Investigators do not know much about the group, and describe it as a "backroom debating club". The intelligence agency in Berlin assumes that it is isolated within the right-wing community. "Fortunately, the letter is finding pretty much no resonance there," says an employee.
The contents of the letter are so obscure that one could easily imagine its author or authors to be crazed cranks. Those in charge at the Sehitlik Mosque also initially considered just throwing the letter in the bin. But the series of murders perpetrated by the terrorist cell National Socialist Underground (NSU) and the attacks carried out by Breivik have shown what rightwing extremists are capable of.
Increasingly violent disposition
This was the reason why the Sehitlik Mosque did eventually decide to take the letter to the police. Security authorities are alarmed, and officials have launched an investigation into what they see as an incitement to hatred and violence. Berlin Chief of Police Margarete Koppers perceives a "low threshold" to violence among elements of the rightwing scene. "We do have to factor in the deployment of weapons," she said this week at a panel discussion called on the issue at the old Tempelhof airport restaurant.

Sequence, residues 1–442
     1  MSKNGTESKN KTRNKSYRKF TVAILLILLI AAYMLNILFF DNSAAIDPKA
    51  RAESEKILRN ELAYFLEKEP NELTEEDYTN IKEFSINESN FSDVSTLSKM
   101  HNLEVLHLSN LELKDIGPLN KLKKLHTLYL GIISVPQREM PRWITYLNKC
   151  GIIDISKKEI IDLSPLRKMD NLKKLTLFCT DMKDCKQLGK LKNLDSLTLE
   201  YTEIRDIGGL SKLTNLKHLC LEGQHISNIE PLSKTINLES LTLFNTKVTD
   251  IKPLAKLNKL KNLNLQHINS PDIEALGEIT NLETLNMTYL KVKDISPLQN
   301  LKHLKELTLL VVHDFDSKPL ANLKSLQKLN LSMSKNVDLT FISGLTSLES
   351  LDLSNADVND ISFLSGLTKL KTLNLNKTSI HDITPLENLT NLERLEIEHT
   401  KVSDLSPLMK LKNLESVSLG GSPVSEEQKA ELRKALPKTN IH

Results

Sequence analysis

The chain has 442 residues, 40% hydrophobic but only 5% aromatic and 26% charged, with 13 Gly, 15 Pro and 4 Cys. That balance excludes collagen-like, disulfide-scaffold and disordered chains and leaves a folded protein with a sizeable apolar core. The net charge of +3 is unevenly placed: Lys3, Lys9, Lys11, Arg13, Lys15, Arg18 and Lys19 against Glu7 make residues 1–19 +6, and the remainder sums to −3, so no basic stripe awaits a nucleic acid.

How best to deal with letters such as these? Anyone publishing them gives attention to the authors and encourages potential imitators. Nevertheless, the Sehitlik Mosque and Berlin's Jewish community has decided to go on the offensive.
The panel debate on the issue was held together with representatives of Germany's Protestant and Catholic churches. "This letter is intended to spread a climate of fear," said Wolfgang Klose, Chairman of the Berlin Diocesan Council. "And we must resist it."